But those weren’t the only things I had to take out. Ohio State University, which was featured in What Errour Awoke and which was mentioned in Hannah, has been renamed Aurelian University. And Disneyland is now Mueller Land. Yeah, Disneyland was in a story at one point, but now it’s Mueller Land. And I was really surprised I had to change those both.

As my publisher explained, we have to be careful, because if we use a real brand and the company that owns the brand thinks the depiction is negative, they can sue both me and the publisher. Which makes sense. I mean, Apple doesn’t allow its products to be used by bad guys in movies and TV shows. If you see someone in a movie using a generic android phone, chances are they’re bad guys. And in the TV show Chuck, the name of the store where the main character works is a Best Buy parody called Buy More. And given that the store is regularly depicted as being staffed by lazy, incompetent, and oftentimes creepy employees, or is the sight of shootouts and spy shenanigans, it makes sense that the creators would change the name.

Also explains why Subway, which was a sponsor for the show in later seasons, was only ever eaten by the good guys. As far as I can remember, I never once saw a bad guy in that show going for Subway.

Still, that show also depicted Stanford University as a major recruiting center for CIA operatives, and during the first season, the main character has negative feelings towards the school due to his being framed for cheating and getting kicked out while there. Did Stanford not care? And if it didn’t, would Ohio State really care that some characters in my collection were students there?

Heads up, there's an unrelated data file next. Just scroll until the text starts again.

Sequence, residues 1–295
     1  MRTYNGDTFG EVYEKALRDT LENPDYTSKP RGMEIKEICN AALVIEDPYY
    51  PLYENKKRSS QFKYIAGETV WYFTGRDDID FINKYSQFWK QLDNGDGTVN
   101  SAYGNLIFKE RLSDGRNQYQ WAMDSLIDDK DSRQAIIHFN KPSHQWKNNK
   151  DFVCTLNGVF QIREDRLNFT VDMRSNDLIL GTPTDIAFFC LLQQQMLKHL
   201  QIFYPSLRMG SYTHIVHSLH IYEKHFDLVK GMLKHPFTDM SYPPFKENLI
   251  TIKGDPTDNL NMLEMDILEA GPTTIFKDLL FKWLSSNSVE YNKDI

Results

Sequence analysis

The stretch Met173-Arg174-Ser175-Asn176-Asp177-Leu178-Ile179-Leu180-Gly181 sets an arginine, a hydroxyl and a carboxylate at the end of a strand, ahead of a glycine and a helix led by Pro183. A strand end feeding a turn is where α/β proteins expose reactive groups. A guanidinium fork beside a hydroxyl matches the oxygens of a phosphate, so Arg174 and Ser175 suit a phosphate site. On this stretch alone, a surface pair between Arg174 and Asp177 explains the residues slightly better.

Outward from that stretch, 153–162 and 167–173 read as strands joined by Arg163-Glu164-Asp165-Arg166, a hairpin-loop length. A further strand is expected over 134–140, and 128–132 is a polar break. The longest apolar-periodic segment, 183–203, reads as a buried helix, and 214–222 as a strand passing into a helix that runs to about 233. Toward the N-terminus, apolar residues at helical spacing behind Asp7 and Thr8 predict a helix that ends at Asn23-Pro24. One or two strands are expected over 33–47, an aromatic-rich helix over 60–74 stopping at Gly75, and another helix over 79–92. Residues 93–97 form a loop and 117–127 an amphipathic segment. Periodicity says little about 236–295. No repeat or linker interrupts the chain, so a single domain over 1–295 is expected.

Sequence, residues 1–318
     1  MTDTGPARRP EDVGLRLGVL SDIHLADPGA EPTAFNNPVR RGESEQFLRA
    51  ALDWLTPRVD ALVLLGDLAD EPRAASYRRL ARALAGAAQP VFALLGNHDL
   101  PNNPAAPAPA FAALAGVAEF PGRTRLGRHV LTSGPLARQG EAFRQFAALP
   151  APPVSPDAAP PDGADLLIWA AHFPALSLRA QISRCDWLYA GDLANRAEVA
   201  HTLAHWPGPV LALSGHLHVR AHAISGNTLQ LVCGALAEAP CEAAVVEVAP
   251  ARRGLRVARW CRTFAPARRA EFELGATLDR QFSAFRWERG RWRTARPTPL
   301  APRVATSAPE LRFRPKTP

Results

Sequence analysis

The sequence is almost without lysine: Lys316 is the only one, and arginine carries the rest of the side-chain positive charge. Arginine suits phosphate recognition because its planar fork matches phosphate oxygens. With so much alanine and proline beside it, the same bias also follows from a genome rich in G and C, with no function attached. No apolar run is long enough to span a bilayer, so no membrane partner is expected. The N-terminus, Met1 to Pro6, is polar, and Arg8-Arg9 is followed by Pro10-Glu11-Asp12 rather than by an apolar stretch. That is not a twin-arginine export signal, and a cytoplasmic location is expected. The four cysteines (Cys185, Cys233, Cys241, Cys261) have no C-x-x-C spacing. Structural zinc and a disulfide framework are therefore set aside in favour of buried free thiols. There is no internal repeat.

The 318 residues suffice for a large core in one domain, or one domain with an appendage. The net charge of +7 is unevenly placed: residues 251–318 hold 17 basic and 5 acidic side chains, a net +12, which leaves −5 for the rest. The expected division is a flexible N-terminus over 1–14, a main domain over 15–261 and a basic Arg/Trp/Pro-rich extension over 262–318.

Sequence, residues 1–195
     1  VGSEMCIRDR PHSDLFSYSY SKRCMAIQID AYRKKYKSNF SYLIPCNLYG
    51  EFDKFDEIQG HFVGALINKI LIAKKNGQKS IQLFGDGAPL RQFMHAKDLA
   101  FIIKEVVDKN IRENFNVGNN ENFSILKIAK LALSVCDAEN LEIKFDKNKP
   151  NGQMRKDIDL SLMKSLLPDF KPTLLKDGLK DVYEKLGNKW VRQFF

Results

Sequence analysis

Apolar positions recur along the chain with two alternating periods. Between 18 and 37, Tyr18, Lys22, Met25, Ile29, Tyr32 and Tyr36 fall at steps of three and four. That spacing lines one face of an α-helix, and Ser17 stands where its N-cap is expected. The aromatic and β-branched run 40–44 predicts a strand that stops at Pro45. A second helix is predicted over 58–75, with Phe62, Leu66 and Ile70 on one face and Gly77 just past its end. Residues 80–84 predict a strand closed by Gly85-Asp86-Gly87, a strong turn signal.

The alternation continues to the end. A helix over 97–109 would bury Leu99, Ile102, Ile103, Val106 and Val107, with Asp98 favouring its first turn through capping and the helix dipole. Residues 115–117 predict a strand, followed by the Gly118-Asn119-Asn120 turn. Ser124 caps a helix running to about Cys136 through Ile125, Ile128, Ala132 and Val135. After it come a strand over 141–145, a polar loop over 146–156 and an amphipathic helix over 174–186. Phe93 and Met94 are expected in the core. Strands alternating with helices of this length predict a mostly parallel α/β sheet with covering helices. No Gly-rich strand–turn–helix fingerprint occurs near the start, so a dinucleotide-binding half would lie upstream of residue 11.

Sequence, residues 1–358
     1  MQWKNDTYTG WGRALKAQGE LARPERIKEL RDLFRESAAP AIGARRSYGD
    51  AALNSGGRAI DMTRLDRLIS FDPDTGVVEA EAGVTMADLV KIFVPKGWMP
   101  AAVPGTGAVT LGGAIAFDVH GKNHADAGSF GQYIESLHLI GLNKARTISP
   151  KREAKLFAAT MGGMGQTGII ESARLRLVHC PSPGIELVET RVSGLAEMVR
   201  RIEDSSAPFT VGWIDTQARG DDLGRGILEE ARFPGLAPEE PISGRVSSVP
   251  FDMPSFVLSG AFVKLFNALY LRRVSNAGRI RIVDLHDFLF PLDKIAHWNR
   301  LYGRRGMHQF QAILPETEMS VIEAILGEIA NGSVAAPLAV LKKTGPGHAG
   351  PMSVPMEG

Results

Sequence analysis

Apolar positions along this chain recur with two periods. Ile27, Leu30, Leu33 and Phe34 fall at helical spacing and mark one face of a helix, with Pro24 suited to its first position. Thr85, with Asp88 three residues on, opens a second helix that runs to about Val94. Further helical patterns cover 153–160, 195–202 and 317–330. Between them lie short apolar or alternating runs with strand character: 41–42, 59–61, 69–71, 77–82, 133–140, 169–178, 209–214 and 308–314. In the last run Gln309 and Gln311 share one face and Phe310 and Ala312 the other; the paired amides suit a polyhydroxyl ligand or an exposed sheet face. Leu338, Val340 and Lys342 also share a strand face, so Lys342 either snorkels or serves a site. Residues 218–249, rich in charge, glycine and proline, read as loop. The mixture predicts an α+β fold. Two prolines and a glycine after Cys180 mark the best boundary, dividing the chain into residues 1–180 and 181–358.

On the bright side, I was able to keep Slender Man in Queen Alice. Even though he’s a copyrighted character (I know, most people think he’s public domain as well), I was able to keep him as mentioned in Queen Alice because he illustrates an ongoing phenomena regarding Internet boogeymen. And in What Errour Awoke, I was able to keep a reference to Die Hard because, as my editor put it, Nakatomi Plaza is not a copyrighted name or actual location and everyone loves a Die Hard reference (truth).

I still find myself wondering about this, though. Some authors, especially big-name authors, can put references to brands, businesses and universities, among other things, into their work and don’t think twice about changing them. Occasionally, you even see song lyrics from famous songs! Gerald’s Game‘s antagonist draws his name from lyrics from “The Joker” by the Steve Miller Band, and My Best Friend’s Exorcism had lyrics to many popular songs from the 1980s, albeit sung with the wrong lyrics because that’s what the characters liked to do. Not sure if that counts as parody or fair use, but it doesn’t change the fact that We Got the Beat by the Go-Gos was used as an exorcism chant later in the book.

And how does Law & Order: SVU get away with using TikTok and TikTok stars in one episode? Yeah, season 23, episode 5. Even if the app isn’t portrayed as having any bearing on the bad guys in that episode, I can’t imagine TikTok was happy to have its name used in the show like that.

I guess what I’m saying is, there’s a lot to using real brands in fictional contexts that I don’t get. It’s incredibly nuanced, and you can’t get away with using a real brand by using it in a positive light and then pointing to the copyright text at the beginning of the book stating that all characters, settings, and whatever are fictional or used fictionally. In which case, more often than not, it might be better to just turn a popular brand or institution into a fictional version with a name that may or may not reference the real thing. YouTube becomes WeTube, Disneyland becomes Mueller Land, Ohio State University becomes Aurelian University, and…well, you get the idea.

Do you have any insight on this, my Followers of Fear? Please sound off in the comments below.

That’s all for now, my Followers of Fear. Just a reminder, though: this Saturday I’ll be at the Canal Town Book Festival in Dover, Ohio, selling books. If any of you are in the area, please stop by and visit. Also keep an eye out for some exciting news on the horizon regarding Hannah and Other Stories. Trust me, you won’t want to miss it.

Until next time, good night and pleasant nightmares!

So, these past few weeks, I’ve been editing the hell out of the stories in my upcoming collection, Hannah and Other Stories. This collection contains stories featuring ghosts, budding collections, and even carnivorous horses, and it looks like we’ll be releasing it some time this fall.

And as of early this morning, I’ve finished editing the third draft of the manuscript.